Biomimetic synthesis of struvite with biogenic morphology and implication for pathological biomineralization.

Li H, Yao QZ, Wang YY, Li YL, Zhou GT - Sci Rep (2015)

FTIR spectra of the products grown for 8 h with 0.2 mM (a) and 0 mM (b) PASP.
© Copyright Policy - open-access
Related In: Results  -  Collection

License
Show All Figures
getmorefigures.php?uid=PMC4296295&req=5

f2: FTIR spectra of the products grown for 8 h with 0.2 mM (a) and 0 mM (b) PASP.
Mentions: In order to understand the effect of PASP on the morphological evolution of struvite, a series of time-resolved mineralization experiments from 20 min to 20 h was carried out at PASP concentrations of 0 and 0.2 mM, respectively. The composition and phase purity of the products were first examined by the XRD technique, and the results confirm that all of the mineralized products are orthorhombic struvite with space group Pmn21. The representative XRD patterns for the products obtained with and without PASP are shown in Figure 1a–c. Compared with the standard diffraction pattern of struvite (in Figure 1, JCPDS file No.15–0762), all of the diffraction peaks could be well indexed as struvite, and no other impurity phases could be found. At the same time, it is not difficult to find from Figure 1a–c that the products obtained in the presence of PASP had dramatically strong (020) and (040) diffractions, indicating that the mineralized products were preferentially oriented along the [010] direction. Moreover, FT-IR analysis has also been proved to be a valuable method to distinguish the different phases and compositions42. Therefore, FT-IR analyses were performed on the mineralized products. The typical FT-IR spectra of the mineralized products with and without PASP are depicted in Figure 2. The absorption bands located at 1007, 572 and 462 cm−1 can be assigned to the PO43− antisymmetric stretch (ν3), the P-O bend (ν4) and the PO43− ν2 modes, respectively. The absorption bands at 1469, 1435 and 1400 cm−1 can be attributed to ν4 (NH4+) antisymmetric bending. Water-water H bonding at 761 cm−1 and ammonium-water H bonding at 892 cm−1 can also be recognized from this FTIR spectrum. These are in good agreement with the results for pure struvite reported by Banks et al.42, further confirming that the mineralized products are struvite. Therefore, the XRD and FT-IR results reveal that pure phase of struvite can always be obtained in the presence and absence of PASP, and dissolved PASP in the mineralization solution does not influence the phase composition of the mineralized products. Moreover, the characteristic vibrational bands [band of ν (C = O) in amide group at approximately 1645 cm−1, band of ν (C = O) in carboxylic group near 1731 cm−1, band of ν (C-H) in methylene group at approximately 2969 and 2904 cm−1] belonging to PASP molecules43 do not appear in Figure 2a, suggesting that no detectable content of PASP is occluded in the mineralized product after extensive washing.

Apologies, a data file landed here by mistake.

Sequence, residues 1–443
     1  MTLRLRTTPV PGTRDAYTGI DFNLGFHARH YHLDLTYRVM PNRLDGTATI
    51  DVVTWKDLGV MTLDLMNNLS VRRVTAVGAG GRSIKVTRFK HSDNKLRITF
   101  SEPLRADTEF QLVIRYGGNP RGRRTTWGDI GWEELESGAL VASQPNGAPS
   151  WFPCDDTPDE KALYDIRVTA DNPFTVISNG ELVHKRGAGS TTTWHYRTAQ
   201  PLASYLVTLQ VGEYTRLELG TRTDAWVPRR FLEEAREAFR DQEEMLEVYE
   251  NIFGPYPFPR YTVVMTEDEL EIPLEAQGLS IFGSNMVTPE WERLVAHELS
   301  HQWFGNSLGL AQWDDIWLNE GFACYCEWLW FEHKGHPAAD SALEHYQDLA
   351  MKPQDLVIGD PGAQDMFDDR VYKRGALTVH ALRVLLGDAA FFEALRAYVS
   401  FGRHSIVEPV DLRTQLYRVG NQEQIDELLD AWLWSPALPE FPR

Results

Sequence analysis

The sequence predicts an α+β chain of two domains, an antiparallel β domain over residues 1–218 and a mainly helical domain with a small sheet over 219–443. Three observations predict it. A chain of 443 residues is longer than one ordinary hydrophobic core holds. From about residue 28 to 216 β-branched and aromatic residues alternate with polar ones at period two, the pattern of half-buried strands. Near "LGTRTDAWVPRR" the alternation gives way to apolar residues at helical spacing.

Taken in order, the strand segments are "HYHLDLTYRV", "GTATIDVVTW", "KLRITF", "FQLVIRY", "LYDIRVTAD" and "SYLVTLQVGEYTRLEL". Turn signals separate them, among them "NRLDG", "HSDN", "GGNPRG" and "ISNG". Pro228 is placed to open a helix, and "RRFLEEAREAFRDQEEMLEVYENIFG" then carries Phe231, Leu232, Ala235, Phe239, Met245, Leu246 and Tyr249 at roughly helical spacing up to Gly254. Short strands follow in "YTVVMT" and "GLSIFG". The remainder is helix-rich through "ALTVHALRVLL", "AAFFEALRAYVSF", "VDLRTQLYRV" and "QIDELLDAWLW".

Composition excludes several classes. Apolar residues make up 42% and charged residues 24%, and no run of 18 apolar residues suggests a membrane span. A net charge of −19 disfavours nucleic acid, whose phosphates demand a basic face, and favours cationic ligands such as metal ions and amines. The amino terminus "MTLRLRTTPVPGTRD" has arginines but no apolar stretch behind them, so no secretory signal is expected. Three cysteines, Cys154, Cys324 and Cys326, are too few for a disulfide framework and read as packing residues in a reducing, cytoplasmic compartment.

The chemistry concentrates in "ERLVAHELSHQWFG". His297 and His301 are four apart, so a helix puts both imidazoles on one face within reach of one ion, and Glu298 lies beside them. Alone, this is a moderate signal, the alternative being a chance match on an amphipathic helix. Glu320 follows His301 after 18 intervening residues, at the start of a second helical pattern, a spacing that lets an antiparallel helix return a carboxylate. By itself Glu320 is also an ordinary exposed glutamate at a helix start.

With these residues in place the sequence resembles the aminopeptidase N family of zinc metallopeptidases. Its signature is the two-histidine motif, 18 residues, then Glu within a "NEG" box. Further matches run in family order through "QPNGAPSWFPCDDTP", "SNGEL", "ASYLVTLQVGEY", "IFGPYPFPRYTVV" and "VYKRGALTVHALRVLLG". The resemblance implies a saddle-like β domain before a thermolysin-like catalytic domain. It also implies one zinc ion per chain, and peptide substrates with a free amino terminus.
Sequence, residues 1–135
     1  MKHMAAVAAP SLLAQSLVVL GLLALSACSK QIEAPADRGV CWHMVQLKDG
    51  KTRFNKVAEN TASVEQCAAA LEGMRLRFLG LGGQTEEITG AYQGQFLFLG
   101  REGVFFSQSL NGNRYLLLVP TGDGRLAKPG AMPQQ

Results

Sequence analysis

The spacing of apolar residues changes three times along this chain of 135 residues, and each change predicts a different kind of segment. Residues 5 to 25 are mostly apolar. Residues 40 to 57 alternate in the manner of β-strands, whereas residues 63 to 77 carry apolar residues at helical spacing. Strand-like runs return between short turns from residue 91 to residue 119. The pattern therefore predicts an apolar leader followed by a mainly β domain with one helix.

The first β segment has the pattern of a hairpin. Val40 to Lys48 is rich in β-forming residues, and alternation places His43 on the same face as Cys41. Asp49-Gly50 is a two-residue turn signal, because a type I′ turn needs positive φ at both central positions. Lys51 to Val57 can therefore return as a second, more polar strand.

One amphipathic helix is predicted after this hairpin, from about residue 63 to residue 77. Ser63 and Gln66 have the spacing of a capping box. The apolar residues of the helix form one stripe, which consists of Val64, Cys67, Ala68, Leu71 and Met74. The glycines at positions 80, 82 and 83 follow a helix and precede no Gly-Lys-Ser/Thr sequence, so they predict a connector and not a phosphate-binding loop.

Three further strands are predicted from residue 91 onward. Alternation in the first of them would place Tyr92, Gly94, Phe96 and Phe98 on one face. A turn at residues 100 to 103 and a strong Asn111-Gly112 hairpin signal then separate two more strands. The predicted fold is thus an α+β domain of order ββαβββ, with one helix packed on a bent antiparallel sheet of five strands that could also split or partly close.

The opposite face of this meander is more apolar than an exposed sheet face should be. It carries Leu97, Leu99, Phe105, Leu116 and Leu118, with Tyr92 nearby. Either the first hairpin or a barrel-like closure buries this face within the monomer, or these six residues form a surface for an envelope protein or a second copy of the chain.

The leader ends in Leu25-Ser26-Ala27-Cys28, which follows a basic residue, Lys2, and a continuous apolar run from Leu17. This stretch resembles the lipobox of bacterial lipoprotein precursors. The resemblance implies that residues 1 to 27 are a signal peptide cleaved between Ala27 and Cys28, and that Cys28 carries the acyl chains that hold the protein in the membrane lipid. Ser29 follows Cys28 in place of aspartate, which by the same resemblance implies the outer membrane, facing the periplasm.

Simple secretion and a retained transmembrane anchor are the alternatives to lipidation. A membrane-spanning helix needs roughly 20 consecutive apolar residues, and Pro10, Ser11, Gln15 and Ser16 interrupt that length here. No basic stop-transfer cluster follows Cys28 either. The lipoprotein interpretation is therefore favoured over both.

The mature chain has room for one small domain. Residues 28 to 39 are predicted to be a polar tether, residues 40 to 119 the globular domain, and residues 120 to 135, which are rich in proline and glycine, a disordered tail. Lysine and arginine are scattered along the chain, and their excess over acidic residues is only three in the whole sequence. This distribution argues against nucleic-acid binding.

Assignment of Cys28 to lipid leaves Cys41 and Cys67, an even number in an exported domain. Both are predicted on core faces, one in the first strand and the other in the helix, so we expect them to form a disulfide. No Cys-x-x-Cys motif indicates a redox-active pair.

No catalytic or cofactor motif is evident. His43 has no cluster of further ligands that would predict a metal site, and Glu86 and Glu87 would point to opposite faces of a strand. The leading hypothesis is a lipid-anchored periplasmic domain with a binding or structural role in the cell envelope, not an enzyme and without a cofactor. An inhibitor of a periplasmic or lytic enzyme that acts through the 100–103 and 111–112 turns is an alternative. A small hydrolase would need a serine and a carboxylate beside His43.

Bottom Line: Recent studies have found that certain urinary proteins can efficiently inhibit stone formation.These discoveries are significant for developing effective therapies for stone disease, but the inhibition mechanism of crystallization remains elusive.Concentration-dependent experiments show that PASP can inhibit struvite growth and the inhibitory capacity increases with increasing PASP concentration, whereas aspartic acid monomers do not show a significant effect.

View Article: PubMed Central - PubMed

Affiliation: CAS Key Laboratory of Crust-Mantle Materials and Environments, School of Earth and Space Sciences, University of Science and Technology of China, Hefei 230026, P. R. China.

ABSTRACT
Recent studies have found that certain urinary proteins can efficiently inhibit stone formation. These discoveries are significant for developing effective therapies for stone disease, but the inhibition mechanism of crystallization remains elusive. In the present study, polyaspartic acid (PASP) was employed as a model peptide to investigate the effect of urinary proteins on the crystallization and morphological evolution of struvite. The results demonstrate that selective adsorption/binding of PASP onto the {010} and {101} faces of struvite crystals results in arrowhead-shaped morphology, which further evolves into X-shaped and unusual tabular structures with time. Noticeably, these morphologies are reminiscent of biogenic struvite morphology. Concentration-dependent experiments show that PASP can inhibit struvite growth and the inhibitory capacity increases with increasing PASP concentration, whereas aspartic acid monomers do not show a significant effect. Considering that PASP is a structural and functional analogue of the subdomains of aspartic acid-rich proteins, our results reveal that aspartic acid-rich proteins play a key role in regulating biogenic struvite morphology, and aspartic acid residues contribute to the inhibitory capacity of urinary proteins. The potential implications of PASP for developing therapeutic agents for urinary stone disease is also discussed.

Show MeSH